With market realists warning of ‘bumpy times’ and a ‘mild to hard recession’, the great financial reckoning that has been warded off for too long is finally upon us.
Until now, it seemed there were two parallel economic universes – a “real” one where people suffered from soaring inflation, food and supply shortages or even war, and a “virtual” one where financial markets envisaged a rapid return to rosy normality. Now, the virtual one is about to explode.
We are likely to be entering what could be called stage two of the “great unravelling”, when a bear market in stocks and a cooling in real estate values turn into a major collapse in asset prices as the reality of economic recession starts to sink in.
In the space of just the past week, Goldman Sachs CEO David Solomon has warned of “bumpy times ahead” and a tougher economic environment, while JPMorgan CEO Jamie Dimon has predicted a “mild to hard recession”. Markets reacted with shock despite the obvious nature of these observations.
All economic players will suffer, though some less than others. China, for example, is what the Institute of International Finance calls “an enclave of low inflation” as prices soar elsewhere, and a stock bubble implosion has less impact (relative to gross domestic product) in China and the rest of Asia than in the West.
Anyone who has observed the irrational antics of financial markets over the past several decades hardly needs the likes of Solomon, Dimon or even the International Monetary Fund to alert them to the fact that something is very wrong with the Pollyanna views espoused by many other market commentators.
It is a case of investors, market analysts and even official policymakers either burying their heads in the sand or just not having been around for long enough to realise that all actions, good or bad, have consequences and that those consequences take a while to unfold.
The ability to see beyond actions and assess impact seems to have gone missing. This may be a product of the digital age and an extreme reliance on data. Or as the poet T.S. Eliot asked: “Where is the wisdom we have lost in knowledge? Where is the knowledge we have lost in information?”
It has long been clear that the global economy was headed for trouble, certainly since the global financial crisis of 2008 (without even considering the financial system excesses which led to that disaster). The great experiment with monetary easing began around then.
In came quantitative easing and qualitative easing, along with historically low interest rates. These were designed to bail out the financial system as much as to ward off recession. They did not trigger inflation because money was pumped into the banking system rather than directly into the real economy.
Cheap money did, however, trigger a debt binge by companies, households and governments, and it set the stage for trouble once interest rates started to rise, as they inevitably would. That point came once governments began converting monetary stimulus into fiscal stimulus.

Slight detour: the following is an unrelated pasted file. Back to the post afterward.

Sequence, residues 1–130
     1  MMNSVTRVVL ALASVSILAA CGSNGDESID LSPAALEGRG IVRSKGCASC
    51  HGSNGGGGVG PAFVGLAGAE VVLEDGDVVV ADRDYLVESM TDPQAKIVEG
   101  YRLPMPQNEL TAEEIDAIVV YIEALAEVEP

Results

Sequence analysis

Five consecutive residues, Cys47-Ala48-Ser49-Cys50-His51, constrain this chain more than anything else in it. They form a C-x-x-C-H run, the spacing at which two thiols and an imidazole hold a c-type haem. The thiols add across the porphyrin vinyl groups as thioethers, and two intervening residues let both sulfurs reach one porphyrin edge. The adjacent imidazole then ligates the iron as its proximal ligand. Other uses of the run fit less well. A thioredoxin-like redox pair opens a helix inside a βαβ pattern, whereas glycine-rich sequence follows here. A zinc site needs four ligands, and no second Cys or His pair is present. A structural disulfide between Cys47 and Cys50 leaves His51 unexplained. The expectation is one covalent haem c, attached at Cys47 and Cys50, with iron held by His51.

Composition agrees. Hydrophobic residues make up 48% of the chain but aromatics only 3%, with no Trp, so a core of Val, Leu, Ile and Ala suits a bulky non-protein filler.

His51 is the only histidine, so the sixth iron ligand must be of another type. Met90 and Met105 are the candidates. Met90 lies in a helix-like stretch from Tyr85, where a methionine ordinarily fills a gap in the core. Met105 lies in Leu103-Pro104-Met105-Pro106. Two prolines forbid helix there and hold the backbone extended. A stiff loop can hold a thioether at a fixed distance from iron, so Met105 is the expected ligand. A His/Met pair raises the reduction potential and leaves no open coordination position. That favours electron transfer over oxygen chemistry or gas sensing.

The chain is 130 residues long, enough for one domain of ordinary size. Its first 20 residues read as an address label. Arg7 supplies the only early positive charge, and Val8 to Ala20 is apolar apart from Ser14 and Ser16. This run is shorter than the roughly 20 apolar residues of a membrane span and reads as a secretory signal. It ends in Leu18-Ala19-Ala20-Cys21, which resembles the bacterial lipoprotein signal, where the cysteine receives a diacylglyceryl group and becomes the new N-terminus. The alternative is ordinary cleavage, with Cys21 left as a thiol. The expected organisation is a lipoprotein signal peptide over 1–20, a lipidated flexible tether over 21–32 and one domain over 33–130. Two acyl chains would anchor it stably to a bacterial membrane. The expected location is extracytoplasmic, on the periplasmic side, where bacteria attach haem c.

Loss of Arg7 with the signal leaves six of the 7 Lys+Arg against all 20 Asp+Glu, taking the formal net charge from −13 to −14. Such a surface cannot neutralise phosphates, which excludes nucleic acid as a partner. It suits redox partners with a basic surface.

The impact of Covid
-19 on economic activity and supply chains was met by massive direct transfers of government money to households. In other words, banking system “liquidity” was converted into spendable cash, and once Covid
-19 abated, consumption fuelled by these government transfers took off.
Demand soared but the supply of goods, hit by trade and politically motivated as well as Covid
-affected supply chain disruptions, could not keep pace. With the Ukraine war under way, energy prices joined those of other goods in an upwards spiral. Inflation had truly “arrived”.
Central banks reacted in panicked fashion by raising interest rates aggressively, to compensate for their past insouciance towards inflation risks. This should have jolted markets – the stock market, especially – but it did not, and it needed people like Solomon and Dimon to spell out the obvious.
Financial analysts seem unable to get their heads around the fact that it is the sheer stock of global debt that matters now and not whether the US Federal Reserve and other central banks ease the increment of interest rate rises. The stock of debt now stands at around US$290 trillion.
The IMF and others have rightly drawn attention to an impending debt crisis in developing and emerging economies, but markets should also be worrying about debt crises closer to home as mortgage rates and the burden of servicing debt in general creates a risk of defaults in advanced economies.
Inflation rates will diminish, of course, in percentage terms – that is inevitable as the base from which they rise grows bigger – but this does not mean the economic pain of inflation will ease. Higher prices will ease in absolute terms only once demand, and employment rates, fall.
Equity prices will continue to move in step with market sentiment and financial liquidity; in other words, downwards. Increasing corporate failures can only exacerbate these trends while stress among banks and nonbank lenders could also crystallise into problems in the financial system.
None of this makes for Christmas cheer or a bright outlook for the new year. But the adage of “soonest broken, soonest mended” seems appropriate. The great financial reckoning has been warded off for too long. It is imminent and at least economic growth will restart from a less inflated base.